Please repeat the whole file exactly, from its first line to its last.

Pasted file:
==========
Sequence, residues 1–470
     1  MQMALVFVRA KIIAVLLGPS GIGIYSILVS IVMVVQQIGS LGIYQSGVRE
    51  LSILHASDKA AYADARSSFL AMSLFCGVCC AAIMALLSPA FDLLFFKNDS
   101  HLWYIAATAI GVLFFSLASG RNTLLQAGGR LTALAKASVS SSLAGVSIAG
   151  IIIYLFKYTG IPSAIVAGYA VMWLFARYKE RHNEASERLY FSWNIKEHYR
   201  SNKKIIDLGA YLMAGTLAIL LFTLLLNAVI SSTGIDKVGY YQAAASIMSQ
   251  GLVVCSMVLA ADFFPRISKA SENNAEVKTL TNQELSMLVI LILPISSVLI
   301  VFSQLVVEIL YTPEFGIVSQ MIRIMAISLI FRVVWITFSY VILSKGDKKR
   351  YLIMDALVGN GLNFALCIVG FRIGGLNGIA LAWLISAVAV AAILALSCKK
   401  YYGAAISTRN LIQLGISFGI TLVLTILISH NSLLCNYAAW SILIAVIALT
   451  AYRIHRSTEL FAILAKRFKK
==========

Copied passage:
Sequence, residues 1–470
     1  MQMALVFVRA KIIAVLLGPS GIGIYSILVS IVMVVQQIGS LGIYQSGVRE
    51  LSILHASDKA AYADARSSFL AMSLFCGVCC AAIMALLSPA FDLLFFKNDS
   101  HLWYIAATAI GVLFFSLASG RNTLLQAGGR LTALAKASVS SSLAGVSIAG
   151  IIIYLFKYTG IPSAIVAGYA VMWLFARYKE RHNEASERLY FSWNIKEHYR
   201  SNKKIIDLGA YLMAGTLAIL LFTLLLNAVI SSTGIDKVGY YQAAASIMSQ
   251  GLVVCSMVLA ADFFPRISKA SENNAEVKTL TNQELSMLVI LILPISSVLI
   301  VFSQLVVEIL YTPEFGIVSQ MIRIMAISLI FRVVWITFSY VILSKGDKKR
   351  YLIMDALVGN GLNFALCIVG FRIGGLNGIA LAWLISAVAV AAILALSCKK
   401  YYGAAISTRN LIQLGISFGI TLVLTILISH NSLLCNYAAW SILIAVIALT
   451  AYRIHRSTEL FAILAKRFKK